Going back to Salzburg we decided to follow Helga. She must love finding the shortest routes. We followed a one car wide road for about 5 kilometers through the woods and, on the good side, some very scenic views and remote farm country. Every 50 meters or so, whether on a hill or flat ground, there are pullouts and everyone can see at least that far ahead so they know whether to pull over while someone is coming. This though would not be so much fun in January with heavy snow covering the road's shoulders. We made it back in 30 minutes.

We dropped what we didn't need in the room and then headed out, in the rain, with umbrellas, to find some lunch and then went to the Salzburg Museum.

They had a very good exhibit of Middle Ages paintings and religious works as well as one of the history of Salzburg up to modern times. The museum was fairly modern inside and even the bathrooms looked like they had an architect design them. For example, there were no doors to pull open to go in, just a sliding smoked glass door built in to the wall that opened into the room. They did though have doors on the stalls. Very unusual and fitting with the overall modernness.

When we were ready to leave the rain had stopped to a light drizzle and we headed back to the room to begin packing and rest. We leave early tomorrow, and we have a concert tonight at 8pm, so we don't want to leave the packing until later. That is also why this will be an early blog post as there won't be any pictures to add later and we'll update you all on the concert tomorrow.

So, tell you more then,

Auf Wiedersehen.

Dressed for the Mines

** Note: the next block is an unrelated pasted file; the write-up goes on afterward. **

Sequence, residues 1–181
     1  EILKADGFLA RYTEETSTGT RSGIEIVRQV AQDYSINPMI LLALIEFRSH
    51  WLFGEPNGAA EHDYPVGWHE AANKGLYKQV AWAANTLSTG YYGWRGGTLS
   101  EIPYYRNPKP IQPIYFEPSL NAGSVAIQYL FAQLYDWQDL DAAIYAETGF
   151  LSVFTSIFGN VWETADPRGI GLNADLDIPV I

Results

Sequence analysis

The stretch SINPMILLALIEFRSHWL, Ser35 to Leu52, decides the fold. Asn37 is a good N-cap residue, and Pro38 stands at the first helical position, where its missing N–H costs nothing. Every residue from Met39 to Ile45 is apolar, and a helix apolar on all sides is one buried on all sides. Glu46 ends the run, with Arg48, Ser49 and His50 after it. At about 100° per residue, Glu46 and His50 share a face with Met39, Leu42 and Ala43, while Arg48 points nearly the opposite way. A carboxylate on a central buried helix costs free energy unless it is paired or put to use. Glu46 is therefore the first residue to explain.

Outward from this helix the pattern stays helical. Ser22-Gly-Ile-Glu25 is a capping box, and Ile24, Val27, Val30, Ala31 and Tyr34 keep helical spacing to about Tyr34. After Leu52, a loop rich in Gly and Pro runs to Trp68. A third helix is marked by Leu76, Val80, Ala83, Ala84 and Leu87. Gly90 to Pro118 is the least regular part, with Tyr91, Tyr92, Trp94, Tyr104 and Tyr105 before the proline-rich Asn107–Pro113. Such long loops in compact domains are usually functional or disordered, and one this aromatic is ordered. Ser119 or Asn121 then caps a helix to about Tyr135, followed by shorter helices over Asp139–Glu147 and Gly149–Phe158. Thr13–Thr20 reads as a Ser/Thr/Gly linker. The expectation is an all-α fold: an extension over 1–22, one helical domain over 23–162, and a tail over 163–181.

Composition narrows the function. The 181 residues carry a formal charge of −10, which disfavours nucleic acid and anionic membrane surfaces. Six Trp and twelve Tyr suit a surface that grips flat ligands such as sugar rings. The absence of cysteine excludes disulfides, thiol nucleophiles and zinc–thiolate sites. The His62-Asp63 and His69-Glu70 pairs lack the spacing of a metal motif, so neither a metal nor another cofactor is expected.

Dressed for the Mines

The Train Down

The Train Down

The Train - Piggyback Style

The Train - Piggyback Style

Bannister Slide

Bannister Slide


Helga's Scenic View

Helga's Scenic View

Posted by MikeandKaren 09:18 Comments (2)

Berchtesgaden and Konigsee

Wed - Sep 11

At 6:30 there were clouds and blue sky and some tinges of sun but by 8 the sky was covered, about what was forecast, mostly cloudy, 64.

We left for Berchtesgaden, really Obersalzberg, and the site of the Documentation Center on Hitler's Third Reich and his Eagle's Nest chalet.

The drive was easy and only 45 minutes and though mostly cloudy enough sun peeked through that we were sure we'd have no rain and little cloud cover to prevent us from seeing the view from his aerie.

The Documentation Center is thorough to say the least and certainly a must for WW II history buffs. We spent 2 hours there following the rise and fall of Hitler and his henchmen. There was also a short film with interviews by various farmers who had their land taken away from them so that Hitler could build his compound and those that resisted went to Dachau. An excellent audio guide was included as well as written leaflets. The Allies bombed the compound at the end of the war but the underground bunkers were intact. The Documentation Center museum was built in 1996 on top of the bunkers. There are 4 miles of bunkers but we only walked a short ways since they all looked the same.

No cars are allowed on the Eagles Nest site, which is now a restaurant. You buy a bus ticket and busses take you on the four mile drive up to the mountain top (6000 ft high), which takes about 15 minutes. The entire time the busses, big tour size, are on a one lane road, hugging the edge of the road, with stupendous views. They are timed such that at the halfway point, when the previous busses are returning from the top, the upward or downward busses pull into a small area to allow the other busses to pass. At the top you reserve your return time so that they can ensure you will have a seat.

At the top you take an elevator the final 400 feet or so up in an elevator that holds 25 or 30 people.

Then you are almost at with even more stupendous views. There is still a few hundred more feet of rugged climbing and walking to get even higher.

The views were great and then we stopped for coffee and cake. We allowed 90 minutes until we'd get our bus down and it was plenty. Best of all the weather played nice, the sun shone through the clouds, the temperature stayed cool and not cold, and even though there were some clouds and mist descending we managed to avoid it before our trip back down.

When we got down we took a short drive through Berchtesgaden to Konigssee, a beautiful tranquil lake surrounded by mountains and from which we saw at the top of the Eagles Nest, on which electric powered boats ply the waters from one end to the other.